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Risk Management Specialists Career

Career Description

Analyze and manage risk management issues by identifying, measuring, and making decisions on operational or enterprise risks for an organization.

What Job Titles Risk Management Specialists Might Have

  • Chief Risk Officer
  • Credit Risk Management Director
  • Risk Management Director
  • Risk Manager

What Risk Management Specialists Do

  • Document, and ensure communication of, key risks.
  • Maintain input or data quality of risk management systems.
  • Recommend ways to control or reduce risk.
  • Identify key risks and mitigating factors of potential investments, such as asset types and values, legal and ownership structures, professional reputations, customer bases, or industry segments.
  • Devise systems and processes to monitor validity of risk modeling outputs.
  • Gather risk-related data from internal or external resources.
  • Identify and analyze areas of potential risk to the assets, earning capacity, or success of organizations.
  • Develop or implement risk-assessment models or methodologies.
  • Produce reports or presentations that outline findings, explain risk positions, or recommend changes.
  • Plan, and contribute to development of, risk management systems.
  • Conduct statistical analyses to quantify risk, using statistical analysis software or econometric models.
  • Meet with clients to answer queries on subjects such as risk exposure, market scenarios, or values-at-risk calculations.
  • Devise scenario analyses reflecting possible severe market events.
  • Develop contingency plans to deal with emergencies.
  • Confer with traders to identify and communicate risks associated with specific trading strategies or positions.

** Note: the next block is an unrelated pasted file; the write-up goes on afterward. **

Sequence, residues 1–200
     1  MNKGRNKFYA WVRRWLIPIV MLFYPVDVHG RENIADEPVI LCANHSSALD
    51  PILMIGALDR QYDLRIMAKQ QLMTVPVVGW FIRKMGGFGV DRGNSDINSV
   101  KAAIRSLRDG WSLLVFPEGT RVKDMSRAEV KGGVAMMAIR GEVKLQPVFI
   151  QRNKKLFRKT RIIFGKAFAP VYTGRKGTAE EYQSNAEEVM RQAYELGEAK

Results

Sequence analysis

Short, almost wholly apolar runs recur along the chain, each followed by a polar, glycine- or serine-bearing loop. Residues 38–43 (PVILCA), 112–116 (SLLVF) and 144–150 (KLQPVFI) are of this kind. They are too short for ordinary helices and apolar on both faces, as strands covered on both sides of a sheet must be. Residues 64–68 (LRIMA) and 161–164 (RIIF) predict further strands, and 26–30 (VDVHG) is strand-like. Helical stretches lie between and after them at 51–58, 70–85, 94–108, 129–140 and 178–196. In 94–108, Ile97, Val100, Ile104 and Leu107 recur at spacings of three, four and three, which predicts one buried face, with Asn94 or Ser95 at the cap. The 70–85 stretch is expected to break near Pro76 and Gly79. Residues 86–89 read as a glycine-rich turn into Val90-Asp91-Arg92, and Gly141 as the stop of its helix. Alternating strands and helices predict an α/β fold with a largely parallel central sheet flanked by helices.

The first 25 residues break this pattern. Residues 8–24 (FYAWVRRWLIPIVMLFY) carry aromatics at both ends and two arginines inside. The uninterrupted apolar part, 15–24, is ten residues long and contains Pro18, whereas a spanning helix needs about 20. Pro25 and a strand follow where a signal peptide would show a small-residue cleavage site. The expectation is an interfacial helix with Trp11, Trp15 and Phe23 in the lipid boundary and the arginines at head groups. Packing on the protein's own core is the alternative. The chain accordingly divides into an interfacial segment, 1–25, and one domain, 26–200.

• Analyze new legislation to determine impact on risk exposure.
  • Track, measure, or report on aspects of market risk for traded issues.
  • Review or draft risk disclosures for offer documents.

What Risk Management Specialists Should Be Good At

  • Problem Sensitivity - The ability to tell when something is wrong or is likely to go wrong. It does not involve solving the problem, only recognizing there is a problem.
  • Oral Comprehension - The ability to listen to and understand information and ideas presented through spoken words and sentences.
  • Oral Expression - The ability to communicate information and ideas in speaking so others will understand.
  • Deductive Reasoning - The ability to apply general rules to specific problems to produce answers that make sense.
  • Inductive Reasoning - The ability to combine pieces of information to form general rules or conclusions (includes finding a relationship among seemingly unrelated events).
  • Written Comprehension - The ability to read and understand information and ideas presented in writing.
  • Mathematical Reasoning - The ability to choose the right mathematical methods or formulas to solve a problem.